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2020 Census: Address Canvassing Operation

Archived Video: August 12, 2019 - News Briefing to Announce First Major Field Operations for 2020 Census

Purpose of Address Canvassing

The Address Canvassing Operation serves two purposes:

  1. Deliver a complete and accurate address list and spatial database for enumeration.
  2. Determine the type and address characteristics for each living quarter.

This operation implements methods to improve and refine the U.S. Census Bureau’s address list in advance of the 2020 Census. The Census Bureau needs the address and physical location of each living quarter in the United States and Puerto Rico to conduct and tabulate the census. An accurate list ensures that residents will be invited to participate in the census and that the census counts residents in the correct location.

Video: Address Canvassing for the 2020 Census

Address Canvassing is Now Conducted in Two Ways:

In-Office Address Canvassing uses imagery to detect housing change or stability over time throughout the United States and Puerto Rico and to compare the number of housing units on the ground to the number in the Census Bureau’s Master Address File. In-Office Address Canvassing was part of a suite of nationwide in-office methods used by the Census Bureau to maintain and update its address list, including processing of address lists from the US Postal Service and tribal, state, and local governments.

In-Field Address Canvassing, field staff, known as listers, visit specific geographic areas within the Self-Response type of enumeration area (TEA) where in-office methods could not assure a complete and accurate address list. Listers identify every place where people could live or stay, comparing what they see on the ground to the existing census address list and verifying, correcting, or adding address and location information, as appropriate. Listers knock on doors at every structure in order to verify or update information and inquire about additional living quarters in the structure and/or on the property. If the lister does not find anyone at home, they verify or update address information by observation. 

2020 Census: In-Field Address Canvassing (IFAC) Viewer

Updating and Validating the Address Frame

The Address Canvasing Operation is part of a suite of processes employed by the Census Bureau to update and validate the address frame for the 2020 Census prior to Census Day:

  • Biannual processing of the U.S. Postal Service’s Delivery Sequence File (DSF).
  • Tribal, state, and local government address lists and roads files provided through the Geographic Support System (GSS) Program.
  • Ungeocoded Resolution Project, in which Census Bureau staff research and identify the census block to which an address should be assigned when the automated geocoding process is unable to make the determination.
  • Local Update of Census Addresses (LUCA) Program and the LUCA Appeals process (provides an opportunity for tribal, state, and local governments to review the Census Bureau’s address list for their respective jurisdictions).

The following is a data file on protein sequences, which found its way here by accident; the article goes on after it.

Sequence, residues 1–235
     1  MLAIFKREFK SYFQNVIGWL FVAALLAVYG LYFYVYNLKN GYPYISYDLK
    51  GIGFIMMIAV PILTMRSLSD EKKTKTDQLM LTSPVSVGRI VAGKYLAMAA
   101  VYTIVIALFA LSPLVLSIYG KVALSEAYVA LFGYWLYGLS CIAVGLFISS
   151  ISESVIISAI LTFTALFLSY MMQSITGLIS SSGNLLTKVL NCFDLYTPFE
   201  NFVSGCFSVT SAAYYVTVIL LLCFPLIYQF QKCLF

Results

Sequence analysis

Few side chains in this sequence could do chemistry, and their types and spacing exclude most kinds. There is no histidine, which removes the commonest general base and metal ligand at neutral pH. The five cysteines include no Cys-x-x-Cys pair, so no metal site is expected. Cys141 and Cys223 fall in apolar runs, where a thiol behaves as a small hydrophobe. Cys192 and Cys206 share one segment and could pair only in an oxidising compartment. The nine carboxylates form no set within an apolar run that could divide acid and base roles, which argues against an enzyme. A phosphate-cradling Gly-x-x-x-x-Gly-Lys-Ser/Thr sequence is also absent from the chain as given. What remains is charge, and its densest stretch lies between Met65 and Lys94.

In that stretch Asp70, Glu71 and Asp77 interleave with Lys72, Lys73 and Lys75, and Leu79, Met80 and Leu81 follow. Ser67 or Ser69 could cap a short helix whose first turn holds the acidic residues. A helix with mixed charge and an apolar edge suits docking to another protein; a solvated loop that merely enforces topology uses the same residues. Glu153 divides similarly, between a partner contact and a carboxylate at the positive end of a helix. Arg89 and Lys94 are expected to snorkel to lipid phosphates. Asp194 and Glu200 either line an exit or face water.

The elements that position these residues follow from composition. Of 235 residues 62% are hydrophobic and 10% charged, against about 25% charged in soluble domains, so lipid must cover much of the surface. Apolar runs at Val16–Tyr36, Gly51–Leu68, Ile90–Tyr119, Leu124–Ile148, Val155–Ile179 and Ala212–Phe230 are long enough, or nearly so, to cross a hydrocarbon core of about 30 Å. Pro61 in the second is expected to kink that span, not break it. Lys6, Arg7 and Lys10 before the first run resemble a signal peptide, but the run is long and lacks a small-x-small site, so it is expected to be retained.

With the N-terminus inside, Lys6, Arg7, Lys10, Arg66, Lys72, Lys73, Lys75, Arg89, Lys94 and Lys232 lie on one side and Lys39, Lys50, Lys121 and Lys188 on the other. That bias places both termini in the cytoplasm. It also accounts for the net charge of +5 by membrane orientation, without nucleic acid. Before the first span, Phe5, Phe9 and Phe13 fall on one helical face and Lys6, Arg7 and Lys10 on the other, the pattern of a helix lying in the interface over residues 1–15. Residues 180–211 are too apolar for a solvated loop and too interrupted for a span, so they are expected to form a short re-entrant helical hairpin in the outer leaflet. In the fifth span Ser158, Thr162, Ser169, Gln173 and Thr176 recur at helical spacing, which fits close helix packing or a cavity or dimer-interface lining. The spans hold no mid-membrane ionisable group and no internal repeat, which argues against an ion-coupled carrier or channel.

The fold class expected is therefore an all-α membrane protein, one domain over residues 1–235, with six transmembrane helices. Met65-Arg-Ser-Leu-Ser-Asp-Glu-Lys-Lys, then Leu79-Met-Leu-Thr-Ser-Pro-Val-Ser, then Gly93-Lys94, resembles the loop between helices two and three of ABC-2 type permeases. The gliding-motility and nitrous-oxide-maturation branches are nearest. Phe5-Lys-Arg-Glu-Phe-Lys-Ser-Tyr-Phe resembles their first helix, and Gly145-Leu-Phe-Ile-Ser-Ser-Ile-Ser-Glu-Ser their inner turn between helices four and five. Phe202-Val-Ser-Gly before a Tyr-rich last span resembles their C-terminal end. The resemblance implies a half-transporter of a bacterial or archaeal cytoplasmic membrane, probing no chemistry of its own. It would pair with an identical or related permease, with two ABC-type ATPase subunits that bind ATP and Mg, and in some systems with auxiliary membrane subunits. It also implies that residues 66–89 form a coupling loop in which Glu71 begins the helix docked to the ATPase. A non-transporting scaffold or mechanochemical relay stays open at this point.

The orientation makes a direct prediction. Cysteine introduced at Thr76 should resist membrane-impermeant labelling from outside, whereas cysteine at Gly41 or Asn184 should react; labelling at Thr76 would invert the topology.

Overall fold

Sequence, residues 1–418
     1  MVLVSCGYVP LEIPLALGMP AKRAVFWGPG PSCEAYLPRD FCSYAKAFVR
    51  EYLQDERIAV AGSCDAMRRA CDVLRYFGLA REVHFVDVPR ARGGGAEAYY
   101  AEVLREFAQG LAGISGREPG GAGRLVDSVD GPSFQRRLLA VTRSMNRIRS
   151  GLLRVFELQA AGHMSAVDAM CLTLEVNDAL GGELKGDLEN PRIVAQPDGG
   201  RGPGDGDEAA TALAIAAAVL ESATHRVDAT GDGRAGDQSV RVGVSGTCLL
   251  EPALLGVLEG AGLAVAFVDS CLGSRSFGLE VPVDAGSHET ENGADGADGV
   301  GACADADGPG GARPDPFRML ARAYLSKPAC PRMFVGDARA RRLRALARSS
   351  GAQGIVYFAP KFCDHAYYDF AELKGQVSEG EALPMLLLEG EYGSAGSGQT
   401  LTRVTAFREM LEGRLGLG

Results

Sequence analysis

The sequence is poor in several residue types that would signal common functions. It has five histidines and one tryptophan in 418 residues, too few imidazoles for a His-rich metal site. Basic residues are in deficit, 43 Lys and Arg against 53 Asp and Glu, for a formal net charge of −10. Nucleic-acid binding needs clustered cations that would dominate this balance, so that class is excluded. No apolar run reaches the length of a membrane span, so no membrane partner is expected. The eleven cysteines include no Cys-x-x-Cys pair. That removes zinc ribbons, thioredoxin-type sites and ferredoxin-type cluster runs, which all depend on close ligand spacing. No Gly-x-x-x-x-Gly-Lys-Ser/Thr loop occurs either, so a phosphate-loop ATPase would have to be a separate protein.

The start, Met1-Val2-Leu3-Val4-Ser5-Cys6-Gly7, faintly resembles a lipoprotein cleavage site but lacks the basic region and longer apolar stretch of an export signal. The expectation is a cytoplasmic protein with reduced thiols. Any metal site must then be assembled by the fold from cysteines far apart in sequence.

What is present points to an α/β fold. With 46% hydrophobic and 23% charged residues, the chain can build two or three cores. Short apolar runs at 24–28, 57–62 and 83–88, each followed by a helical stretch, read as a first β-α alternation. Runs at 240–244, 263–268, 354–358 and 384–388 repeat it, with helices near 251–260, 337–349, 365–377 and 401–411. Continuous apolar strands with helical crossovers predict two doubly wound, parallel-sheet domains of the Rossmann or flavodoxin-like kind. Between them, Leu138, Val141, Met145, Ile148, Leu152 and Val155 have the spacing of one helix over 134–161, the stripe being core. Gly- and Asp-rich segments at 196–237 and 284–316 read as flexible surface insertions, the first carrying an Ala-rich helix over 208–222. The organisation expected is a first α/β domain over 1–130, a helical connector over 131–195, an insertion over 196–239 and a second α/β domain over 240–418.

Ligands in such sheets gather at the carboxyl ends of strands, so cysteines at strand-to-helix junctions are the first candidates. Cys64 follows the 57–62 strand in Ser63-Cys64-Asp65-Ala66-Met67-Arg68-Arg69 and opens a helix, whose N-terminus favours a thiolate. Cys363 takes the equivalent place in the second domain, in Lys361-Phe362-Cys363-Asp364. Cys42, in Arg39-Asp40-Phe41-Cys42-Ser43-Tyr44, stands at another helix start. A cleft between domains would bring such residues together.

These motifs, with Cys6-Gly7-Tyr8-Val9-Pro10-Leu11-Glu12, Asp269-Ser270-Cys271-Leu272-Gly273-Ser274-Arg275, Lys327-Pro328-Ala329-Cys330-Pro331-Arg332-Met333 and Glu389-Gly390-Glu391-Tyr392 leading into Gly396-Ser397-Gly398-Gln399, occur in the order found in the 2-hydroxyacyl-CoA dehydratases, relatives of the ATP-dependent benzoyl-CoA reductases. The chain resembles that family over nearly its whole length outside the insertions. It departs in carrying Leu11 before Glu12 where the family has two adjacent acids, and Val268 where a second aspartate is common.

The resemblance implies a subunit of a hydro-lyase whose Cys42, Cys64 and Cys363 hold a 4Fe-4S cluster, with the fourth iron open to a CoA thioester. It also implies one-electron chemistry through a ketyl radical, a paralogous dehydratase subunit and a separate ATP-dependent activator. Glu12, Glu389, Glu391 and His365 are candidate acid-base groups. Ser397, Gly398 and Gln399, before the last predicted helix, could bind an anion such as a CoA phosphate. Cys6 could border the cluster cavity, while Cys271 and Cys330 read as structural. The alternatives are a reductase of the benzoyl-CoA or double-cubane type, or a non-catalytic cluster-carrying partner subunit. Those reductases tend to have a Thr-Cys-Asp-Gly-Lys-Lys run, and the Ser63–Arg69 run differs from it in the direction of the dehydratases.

• New Construction Program is available to local governments to provide addresses for housing units built after LUCA and ready for occupancy by Census Day.
  • Count Review is conducted in collaboration with state demographer members of the Federal-State Cooperative for Population Estimates (FSCPE). It provides an additional opportunity to review counts of housing units prior to the 2020 Census and update as necessary.

Each of these programs and processes serves to validate addresses in the Master Address File, correct address locations and provide addresses that may not be included in any of the other address datasets. Taken together, along with in-office address canvassing and in-field address canvassing, this suite of programs and processes provides multiple opportunities for the Census Bureau to develop an accurate address list.

Block Assessment, Research and Classification Application (BARCA)

The Census Bureau developed the Block Assessment, Research, and Classification Application (BARCA) for use in conducting In-Office Address Canvassing. BARCA provides reviewers with access to baseline (circa 2010) and current imagery to assess change or stability in housing within each of the 11.1 million census blocks over time. Reviewers also use BARCA to compare the number of housing units visible in current imagery with the number of addresses in the Census Bureau’s address list for each block.

Individual census blocks are classified as:

  • “passive” if the number of housing units visible in current imagery match the number of addresses in the MAF.
  • “active” if comparison of imagery to the MAF detected undercoverage or overcoverage in the MAF.
  • “on hold” if census blocks for which the in-office address canvassing reviewer could not make a determination, generally due to cloud cover in imagery.
  • “trigger” for address updates from the DSF or tribal, state, or local governments as well as new imagery that prompts a re-review using BARCA.

Blocks that are in active or on-hold status in the Spring 2019 will be sent to in-field address canvassing for resolution.

BARCA Examples:

Active Blocks

Clarksville Township, Merrick County, Nebraska ( baseline | current )  [PNG]

Lorton, Fairfax County, Virginia ( baseline | current ) [PNG]

New York, Queens County, New York ( baseline | current ) [PNG]

Passive Block

American Fork, Utah County, Utah ( baseline | current ) [PNG]

Page Last Revised - October 28, 2021
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